Making poetry into child's play
For readers who want to know more about poetry itself, poet and teacher Paul B. Janeczko has teamed with Caldecott Honor illustrator Chris Raschka to create A Kick in the Head: An Everyday Guide to Poetic Forms. What a fun, informative collection (and perfect to have around when it comes time to help with poetry-related homework assignments!). In his introduction, Janeczko addresses the question young writers often ask: why do some poems have to have rules, anyway? The book includes 29 different poetry forms, from haiku to quatrain, elegy to epitaph. There are also a few that I never knew: Villanelle and Clerihew! (Forgive me, but even a non-poet can't resist finding her poetic side in April.) As usual, Raschka's illustrations are bold, witty and clever. And while there's a lot of information here, the book design is deceptively simple and clean, with lots of white space setting off the poems. A separate section at the end of the book describes the forms in more detail. The poets included range from classic masters like William Blake to contemporary newcomers.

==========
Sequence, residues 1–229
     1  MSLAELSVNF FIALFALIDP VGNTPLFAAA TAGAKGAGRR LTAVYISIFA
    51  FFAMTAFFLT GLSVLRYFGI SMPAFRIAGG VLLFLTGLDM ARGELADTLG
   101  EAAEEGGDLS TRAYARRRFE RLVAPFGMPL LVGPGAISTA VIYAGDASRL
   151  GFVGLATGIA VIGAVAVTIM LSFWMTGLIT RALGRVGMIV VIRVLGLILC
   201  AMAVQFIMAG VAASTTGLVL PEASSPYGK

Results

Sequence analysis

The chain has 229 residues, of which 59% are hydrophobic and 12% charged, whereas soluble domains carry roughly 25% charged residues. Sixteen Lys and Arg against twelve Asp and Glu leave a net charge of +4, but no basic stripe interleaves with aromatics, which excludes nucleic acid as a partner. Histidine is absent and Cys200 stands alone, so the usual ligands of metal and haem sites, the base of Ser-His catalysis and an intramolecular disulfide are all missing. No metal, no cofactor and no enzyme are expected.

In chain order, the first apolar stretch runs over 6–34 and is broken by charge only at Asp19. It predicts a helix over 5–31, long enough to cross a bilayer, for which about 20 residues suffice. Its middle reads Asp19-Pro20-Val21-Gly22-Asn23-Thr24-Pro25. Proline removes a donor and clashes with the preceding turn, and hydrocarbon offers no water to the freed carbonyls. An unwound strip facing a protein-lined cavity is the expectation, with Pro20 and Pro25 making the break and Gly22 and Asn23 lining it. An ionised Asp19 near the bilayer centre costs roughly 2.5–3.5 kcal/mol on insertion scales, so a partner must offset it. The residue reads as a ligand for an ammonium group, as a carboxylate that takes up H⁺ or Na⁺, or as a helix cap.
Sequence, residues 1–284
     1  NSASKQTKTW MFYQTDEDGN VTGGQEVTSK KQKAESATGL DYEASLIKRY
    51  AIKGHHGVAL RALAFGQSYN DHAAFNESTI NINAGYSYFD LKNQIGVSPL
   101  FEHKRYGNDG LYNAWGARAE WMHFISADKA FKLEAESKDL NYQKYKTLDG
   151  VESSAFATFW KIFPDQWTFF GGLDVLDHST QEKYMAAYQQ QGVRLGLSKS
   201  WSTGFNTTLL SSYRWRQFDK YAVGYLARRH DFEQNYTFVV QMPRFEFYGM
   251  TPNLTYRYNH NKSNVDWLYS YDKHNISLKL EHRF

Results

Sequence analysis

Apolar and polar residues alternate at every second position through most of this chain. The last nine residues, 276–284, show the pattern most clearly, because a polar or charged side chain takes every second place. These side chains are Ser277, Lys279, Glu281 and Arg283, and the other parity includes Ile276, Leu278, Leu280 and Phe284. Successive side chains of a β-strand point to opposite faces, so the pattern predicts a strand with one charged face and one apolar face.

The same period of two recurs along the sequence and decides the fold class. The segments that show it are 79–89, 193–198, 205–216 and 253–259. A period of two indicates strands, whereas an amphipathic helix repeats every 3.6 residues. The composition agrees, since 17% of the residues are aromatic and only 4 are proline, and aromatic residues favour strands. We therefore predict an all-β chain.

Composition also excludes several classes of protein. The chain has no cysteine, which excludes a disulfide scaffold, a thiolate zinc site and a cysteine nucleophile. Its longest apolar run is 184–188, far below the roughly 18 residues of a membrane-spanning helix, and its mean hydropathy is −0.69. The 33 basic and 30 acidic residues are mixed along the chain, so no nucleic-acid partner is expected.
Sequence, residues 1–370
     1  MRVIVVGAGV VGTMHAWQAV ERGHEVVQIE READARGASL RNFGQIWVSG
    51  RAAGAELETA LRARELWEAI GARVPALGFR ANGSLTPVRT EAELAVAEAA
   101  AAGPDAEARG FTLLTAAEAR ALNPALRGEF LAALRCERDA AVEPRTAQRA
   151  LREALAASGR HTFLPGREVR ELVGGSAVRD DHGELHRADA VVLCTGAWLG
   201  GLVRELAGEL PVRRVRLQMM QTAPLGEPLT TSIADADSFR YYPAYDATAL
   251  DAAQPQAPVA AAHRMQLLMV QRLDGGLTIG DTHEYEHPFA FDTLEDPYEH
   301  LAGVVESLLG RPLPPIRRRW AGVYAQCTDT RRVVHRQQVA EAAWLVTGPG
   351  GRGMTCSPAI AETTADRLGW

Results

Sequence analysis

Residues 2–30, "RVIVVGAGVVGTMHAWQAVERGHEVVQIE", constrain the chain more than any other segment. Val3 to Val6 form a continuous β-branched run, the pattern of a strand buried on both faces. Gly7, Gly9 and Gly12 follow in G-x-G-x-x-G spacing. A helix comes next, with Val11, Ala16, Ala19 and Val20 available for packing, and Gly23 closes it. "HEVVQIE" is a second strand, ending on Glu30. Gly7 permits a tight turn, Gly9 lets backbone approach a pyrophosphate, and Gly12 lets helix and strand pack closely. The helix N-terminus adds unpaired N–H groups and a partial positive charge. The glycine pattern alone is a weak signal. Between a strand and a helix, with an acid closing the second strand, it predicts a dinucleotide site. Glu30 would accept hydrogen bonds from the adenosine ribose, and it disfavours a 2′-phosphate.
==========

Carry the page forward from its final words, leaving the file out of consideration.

Deborah Hopkinson is a writer (though not a poet) whose newest picture book, Saving Strawberry Farm, a story set in the Great Depression, will be released in May.